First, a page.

Saturday, December 27, 2014

Ninja Cat

I thought I had locked both cats in the barn the other day, but I saw Kiki walking around outside.  I figured she had probably learned to scale the door, but I wasn't sure. I went out and put her in the barn, then stood outside and called her. She scaled that door like it was nothing. Cats are like furry ninjas.

Tucker (our other barn cat) is old and can't do that, so for now we just let him in and out ourselves.  I'm going to get them a cat door so I can close the solid wood door when it gets really cold out, and they can still get in the barn if they want to.

Thursday, December 25, 2014

Christmas Time is Here!

Santa came!

He brought the kids awesome new beanbag chairs! These are Big Joe chairs, and so far the kids love them.

Devin got Kylee this cute crocheted Olaf hat from a local craft show.

We gave Devin his very own sheep hide, from one of our rams.  He has been wanting one for a while.

Santa brought Devin a cute pair of mice!

David made me a spinning wheel!  I know he put a ton of effort into this, and he even changed a few things from the plans, because he thought they'd work better.  His mechanic's brain combined a few tricks to make this a totally custom wheel. I love it!

David's Dad and brother came over for dinner.  Elmer thought David and Joey made a good seat.

Merry Christmas!

Sunday, December 21, 2014


My White-breasted Nuthatch is back!  They're such pretty birds.
Our Christmas tree is up.  
And my little trees are in the kitchen. I love them!

The house lights are up, and I'm embarrassed to say that the ones on the roof were up year round. Oops!  Can you tell which one is the new strand?  They'll definitely be coming down after Christmas this year!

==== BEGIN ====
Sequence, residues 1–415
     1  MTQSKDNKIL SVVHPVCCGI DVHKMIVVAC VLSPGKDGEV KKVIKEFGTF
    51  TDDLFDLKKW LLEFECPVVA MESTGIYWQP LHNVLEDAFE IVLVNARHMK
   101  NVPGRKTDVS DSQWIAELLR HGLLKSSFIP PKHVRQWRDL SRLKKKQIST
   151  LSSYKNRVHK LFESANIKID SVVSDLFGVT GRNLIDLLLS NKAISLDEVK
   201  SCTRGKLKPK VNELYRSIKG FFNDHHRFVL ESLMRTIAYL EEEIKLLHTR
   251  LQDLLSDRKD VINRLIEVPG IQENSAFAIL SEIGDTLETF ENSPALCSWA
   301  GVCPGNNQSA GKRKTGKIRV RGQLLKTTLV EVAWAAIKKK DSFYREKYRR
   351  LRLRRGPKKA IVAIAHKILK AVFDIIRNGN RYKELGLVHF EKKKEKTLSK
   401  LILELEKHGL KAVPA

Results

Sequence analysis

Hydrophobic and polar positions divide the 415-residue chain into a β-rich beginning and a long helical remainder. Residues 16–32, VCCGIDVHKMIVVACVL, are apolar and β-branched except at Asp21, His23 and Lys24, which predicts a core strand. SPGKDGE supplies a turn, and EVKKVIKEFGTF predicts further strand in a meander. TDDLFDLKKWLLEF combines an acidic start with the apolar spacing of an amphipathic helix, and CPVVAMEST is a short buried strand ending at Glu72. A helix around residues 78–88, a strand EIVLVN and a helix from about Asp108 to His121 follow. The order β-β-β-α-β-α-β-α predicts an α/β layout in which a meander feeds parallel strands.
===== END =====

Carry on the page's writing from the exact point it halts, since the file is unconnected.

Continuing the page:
I got a new mat from Dad and Lisa. I love it!

There's a Christmas tree lot near my office, and each year I get free branches they cut off the bottoms of the trees.  I made this centerpiece using free greenery and candles we already had.  
And I put some greenery in a couple of stockings and hung them from the front porch pillars. It's an easy and cheap (free) way of decorating. I love free!

Elmer and Kylee got in some snuggle time this afternoon.

Our loaner buck, Stout, is here visiting. He's made fast friends with Ida and Nessa.  I picked him up on the 13th, and both girls looked bred on the 16th.  We should be expecting kids mid-May. I'm much later breeding the girls this year, but not having to worry about kidding in the cold weather will be nice!

Stout has the cutest little girly-voice.  Why is it bucks always sound so girly?

June is officially retired. She had a rough kidding last year, and I figured it was time to give her a nice, long retirement.  She deserves it.  

I couldn't miss this opportunity for such a nice picture of Barley. She's my big, stout girl and I love her.  
Her sister, Bean, is pretty cute too.  She looks like she took a porcupine butt to the face, with all that hay sticking out.  

First Snow of the Year

We got snow on the 11th, and I forgot to upload pictures until now.  Sheep look so dirty in snow!  It sure was pretty though.